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Writer/director Jeremy Saulnier’s Green Room is a crazy stressful movie. The entire movie basically hinges on a showdown between a punk band and a crew of murderous Neo-Nazis, and once the tension ratchets up to 10 in the first act, it doesn’t let up until the end credits begin to roll. Watching it, one can’t help but imagine that the intense atmosphere in the tone was reflected on the set, and you’d be 100 percent correct. In fact, Anton Yelchin told us that things got so bad on some days that members of the crew actually had to walk off the set and take a breath before continuing – but it was all worth it, because it just made the film that much better.
With Green Room now out in limited release and set to expand nationwide at the end of the month, I had the pleasure of hopping on the phone with Anton Yelchin to talk about the new film, and I took the opportunity to ask about exactly how the tension in the movie was created on set. The young actor pointed to the fact that the film – which is basically set over the course of 16 hours – was put together in just a little over 20 days, and that led to a high level of "concentration" during production that really put a certain kind of poison in the air. Said Yelchin,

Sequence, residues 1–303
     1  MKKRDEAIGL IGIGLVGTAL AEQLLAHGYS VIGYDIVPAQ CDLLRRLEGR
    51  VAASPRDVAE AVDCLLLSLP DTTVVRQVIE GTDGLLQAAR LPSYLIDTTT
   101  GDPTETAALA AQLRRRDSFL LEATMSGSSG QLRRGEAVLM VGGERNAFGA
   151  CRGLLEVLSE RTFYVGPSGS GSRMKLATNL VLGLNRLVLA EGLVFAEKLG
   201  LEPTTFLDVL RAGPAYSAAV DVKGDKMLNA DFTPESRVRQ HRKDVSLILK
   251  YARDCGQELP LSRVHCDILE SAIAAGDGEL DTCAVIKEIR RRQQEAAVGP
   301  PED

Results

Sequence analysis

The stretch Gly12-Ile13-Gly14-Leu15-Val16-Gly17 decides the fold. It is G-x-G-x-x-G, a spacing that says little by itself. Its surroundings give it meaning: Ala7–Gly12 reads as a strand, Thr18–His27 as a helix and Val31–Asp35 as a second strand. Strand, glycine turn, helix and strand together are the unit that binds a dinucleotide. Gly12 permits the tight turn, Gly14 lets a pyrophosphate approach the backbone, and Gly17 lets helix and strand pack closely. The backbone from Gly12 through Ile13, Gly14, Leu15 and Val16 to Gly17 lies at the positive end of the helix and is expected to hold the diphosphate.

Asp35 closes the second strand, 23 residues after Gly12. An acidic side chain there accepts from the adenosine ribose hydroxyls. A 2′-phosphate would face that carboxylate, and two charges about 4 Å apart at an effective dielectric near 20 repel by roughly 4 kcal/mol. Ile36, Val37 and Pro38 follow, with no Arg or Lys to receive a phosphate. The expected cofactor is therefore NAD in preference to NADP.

If there’s just one person in the room, seven people in a room, that are putting out a lot of incredibly painful and volatile energy, you end up feeding off of that. There was a point which I looked around and Alia [Shawkat] was crying, Joe [Cole] was crying, Callum [Turner] was crying, Imogen [Poots] was crying. Eric [Edelstein] was on the ground, like suffocated and huffing and puffing, and I thought I was going to lose my mind. That was every day for 20 something days, and I think that inevitably, that’s what maintains that tension. I know that for the crew, there were days that they couldn’t watch. People walked out. There was really tough on everyone.
That’s a pretty damn vivid word picture, and hearing it I don’t think anyone would fault Anton Yelchin negatively looking back on the experience of making Green Room. Fortunately, that’s not the case, however. While the pressure was incredibly high, and the atmosphere on set incredibly stressful, Yelchin believes that it was ultimately what the movie needed in order to be as effective as the final cut is:
It registers that way on screen, so there’s really… you know, when I watched the film, and I’m hyper-critical, but it doesn’t feel false to me. It feels pretty, accordingly intense.
In the film, Anton Yelchin plays a member of a punk band that is wrapping up a show at a Neo-Nazi compound when they witness the end result of a murder. When they try and fail to call the authorities, they wind up getting trapped in the backstage green room, and must find a way to escape before the gun-toting skinheads kill them all. When you see the film for yourself, you will perfectly understand why the rough atmosphere pays off.
Green Room will expand to theaters nationwide on April 29th.